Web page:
This is a survey of some of the central questions in the philosophy of mind. These questions include: What is consciousness? How can mental states represent things in the world? How do our minds relate to our bodies? Do we have free will? Can we blame someone for the beliefs or desires she has? What are the emotions? To help us with these questions, we will focus on 20th-century analytic work (by Putnam, Nagel, Searle, Jackson, Dennett, Chalmers, Block, Dretske, and others), but we will also read important historical texts on the nature of the mind by Aristotle, Descartes, and Hume.
Instructor(s): B. Callard Terms Offered: Autumn
Equivalent Course(s): PHIL 23501
HIPS 20500. Intermediate Logic. 100 Units.
In this course, we will prove the soundness and completeness of deductive systems for both sentential and first-order predicate logic. We will also establish related results in elementary model theory, such as the compactness theorem for first-order logic, the Lӧwenheim-Skolem theorem and Lindstrӧm's theorem. (B) (II)
Instructor(s): A. Vasudevan Terms Offered: Winter
Equivalent Course(s): PHIL 29400, PHIL 39600, CHSS 33600
HIPS 20700. Elementary Logic. 100 Units.
An introduction to the concepts and principles of symbolic logic. We learn the syntax and semantics of truth-functional and first-order quantificational logic, and apply the resultant conceptual framework to the analysis of valid and invalid arguments, the structure of formal languages, and logical relations among sentences of ordinary discourse. Occasionally we will venture into topics in philosophy of language and philosophical logic, but our primary focus is on acquiring a facility with symbolic logic as such.
Instructor(s): K. Davey Terms Offered: Autumn
Note(s): Course not for field credit.
Equivalent Course(s): PHIL 30000, PHIL 20100, CHSS 33500
HIPS 20905. Advanced Logic. 100 Units.
Since Russell's discovery of the inconsistency of Frege's foundation for mathematics, much of logic has resolved around the question of to what extent we can or cannot prove the consistency of the basic principles with which we reason. This course will explore two main efforts in this direction. We will first look at proof-theoretic efforts towards demonstrating the consistency of various foundational systems, discussing the virtues and limitations of this approach. We will then closely examine Godel's theorems, which are famous for demonstrating limits on the extent to which we can formulate consistency proofs. Much has been written on the implications of Godel's theorems, and we will spend some time trying to carefully separate what they really entail from what they do not entail. Assessment will be by regular homework sets. Intermediate logic or prior equivalent required. (II) and (B).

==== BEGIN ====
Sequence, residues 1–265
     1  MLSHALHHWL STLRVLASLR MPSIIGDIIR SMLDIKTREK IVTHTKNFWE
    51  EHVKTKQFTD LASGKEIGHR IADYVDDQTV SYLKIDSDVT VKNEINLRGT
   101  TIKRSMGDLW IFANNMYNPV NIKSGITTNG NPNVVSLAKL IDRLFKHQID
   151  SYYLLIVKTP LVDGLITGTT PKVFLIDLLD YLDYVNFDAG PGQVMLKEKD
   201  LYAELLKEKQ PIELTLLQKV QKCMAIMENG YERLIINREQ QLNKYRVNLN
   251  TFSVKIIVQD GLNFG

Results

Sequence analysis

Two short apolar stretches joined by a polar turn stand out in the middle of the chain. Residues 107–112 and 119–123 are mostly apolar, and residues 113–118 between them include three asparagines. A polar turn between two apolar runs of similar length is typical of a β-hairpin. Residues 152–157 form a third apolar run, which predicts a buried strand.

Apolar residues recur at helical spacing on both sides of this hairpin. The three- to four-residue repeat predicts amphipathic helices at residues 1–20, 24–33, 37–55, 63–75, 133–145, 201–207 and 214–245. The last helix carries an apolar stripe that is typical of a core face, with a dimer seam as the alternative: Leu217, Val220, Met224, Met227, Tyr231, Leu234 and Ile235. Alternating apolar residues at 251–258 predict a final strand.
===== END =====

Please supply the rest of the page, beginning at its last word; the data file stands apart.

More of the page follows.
Instructor(s): K. Davey Terms Offered: Spring
Prerequisite(s): Elementary Logic or equivalent
Equivalent Course(s): PHIL 39405, PHIL 29405, CHSS 39405
HIPS 21000. Introduction To Ethics. 100 Units.
In this course, we will read, write, and think about philosophical work meant to provide a systematic and foundational account of ethics. We will focus on close reading of two books, Immanuel Kant's Groundwork of the Metaphysics of Morals and John Stuart Mill's Utilitarianism, along with a handful of more recent essays. Throughout, our aim will be to engage in serious thought about good and bad in our lives. (A)
Instructor(s): C. Vogler Terms Offered: Winter
Equivalent Course(s): FNDL 23107, PHIL 21000
HIPS 21100. Celebrity and Science in Paleoanthropology. 100 Units.
This seminar explores the balance among research, "showbiz" big business, and politics in the careers of Louis, Mary, and Richard Leakey; Alan Walker; Donald Johanson; Jane Goodall; Dian Fossey; and Biruté Galdikas. Information is gathered from films, taped interviews, autobiographies, biographies, pop publications, instructor's anecdotes, and samples of scientific writings.
Instructor(s): R. Tuttle Terms Offered: Autumn
Prerequisite(s): This course qualifies as a Discovering Anthropology selection for Anthropology majors.
Equivalent Course(s): ANTH 21406, ANTH 38300
HIPS 21407. The Vocation of a Scientist. 100 Units.